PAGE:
The following is an excerpt from a Sept. 7, 1995 editorial by Jo Ann Sloan for the Livingston Ledger, a Livingston County weekly in western Kentucky.

On the first day of school, parents of second-grade students at Smithland Elementary received a list of supplies their children must provide. I was more concerned by the letter that preceded the list. Here is the first paragraph:

“We will be using the community supply system (my ital.) where children are allowed to use all available supplies from the community supply box on their table. Please do not put your child’s name on any of their supplies since they will be used by many of the children.”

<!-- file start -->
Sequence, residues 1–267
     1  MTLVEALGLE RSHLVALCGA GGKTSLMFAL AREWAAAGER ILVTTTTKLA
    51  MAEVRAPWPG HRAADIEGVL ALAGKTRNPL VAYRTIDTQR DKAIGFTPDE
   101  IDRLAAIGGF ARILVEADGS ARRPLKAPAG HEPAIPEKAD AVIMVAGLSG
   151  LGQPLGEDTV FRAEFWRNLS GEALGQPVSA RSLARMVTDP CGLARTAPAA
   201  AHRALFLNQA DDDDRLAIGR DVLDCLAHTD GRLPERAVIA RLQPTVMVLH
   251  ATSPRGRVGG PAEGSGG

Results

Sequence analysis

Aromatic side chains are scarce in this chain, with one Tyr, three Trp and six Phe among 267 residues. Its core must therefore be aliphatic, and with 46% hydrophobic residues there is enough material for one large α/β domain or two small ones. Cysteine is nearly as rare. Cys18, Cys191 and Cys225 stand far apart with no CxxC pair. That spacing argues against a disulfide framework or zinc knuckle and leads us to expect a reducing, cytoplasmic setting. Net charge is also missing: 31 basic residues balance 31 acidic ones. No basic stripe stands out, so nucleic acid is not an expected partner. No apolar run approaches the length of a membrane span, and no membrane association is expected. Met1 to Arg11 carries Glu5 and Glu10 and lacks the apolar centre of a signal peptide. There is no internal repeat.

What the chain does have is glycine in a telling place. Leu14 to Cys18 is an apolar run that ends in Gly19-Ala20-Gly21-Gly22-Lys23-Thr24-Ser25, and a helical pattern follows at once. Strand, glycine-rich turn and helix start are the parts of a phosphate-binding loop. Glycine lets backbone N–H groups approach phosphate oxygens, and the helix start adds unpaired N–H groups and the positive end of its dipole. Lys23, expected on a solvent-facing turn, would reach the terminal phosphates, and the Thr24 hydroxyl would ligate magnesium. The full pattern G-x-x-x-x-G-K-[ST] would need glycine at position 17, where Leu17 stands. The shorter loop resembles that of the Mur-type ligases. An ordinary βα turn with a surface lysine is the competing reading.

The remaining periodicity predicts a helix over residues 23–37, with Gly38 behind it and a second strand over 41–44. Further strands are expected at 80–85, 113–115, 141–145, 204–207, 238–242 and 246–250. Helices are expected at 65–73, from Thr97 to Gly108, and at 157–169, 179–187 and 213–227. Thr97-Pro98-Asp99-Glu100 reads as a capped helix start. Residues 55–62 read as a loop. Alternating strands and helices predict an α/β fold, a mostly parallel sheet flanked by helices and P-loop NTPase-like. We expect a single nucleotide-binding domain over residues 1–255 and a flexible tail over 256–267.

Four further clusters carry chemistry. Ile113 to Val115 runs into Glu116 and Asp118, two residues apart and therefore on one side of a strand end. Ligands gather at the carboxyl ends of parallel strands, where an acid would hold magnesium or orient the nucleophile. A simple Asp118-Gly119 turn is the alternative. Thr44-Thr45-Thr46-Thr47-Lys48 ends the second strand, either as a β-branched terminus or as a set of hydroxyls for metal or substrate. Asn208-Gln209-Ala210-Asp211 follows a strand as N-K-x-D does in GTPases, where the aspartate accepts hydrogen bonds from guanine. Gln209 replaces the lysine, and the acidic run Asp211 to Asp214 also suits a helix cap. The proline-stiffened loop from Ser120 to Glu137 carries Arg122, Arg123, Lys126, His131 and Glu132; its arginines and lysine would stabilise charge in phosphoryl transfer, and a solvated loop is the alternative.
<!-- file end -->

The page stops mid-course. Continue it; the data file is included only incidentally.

It is hard to explain my reaction. I suppose it is best described as anger and fright. Anger that a socialist system of handling a child’s school supplies would be introduced into schools; and fright that American citizens have become so complacent about democracy that such a system could even be contemplated. The “community supply system” mandated by second-grade teachers reeks of socialism.

[D]emocracy and capitalism may not make for a perfect society, but history should have taught us they work better than anything else we humans have come up with. Our children should not be forced to participate in anything that will undermine those principals [sic].

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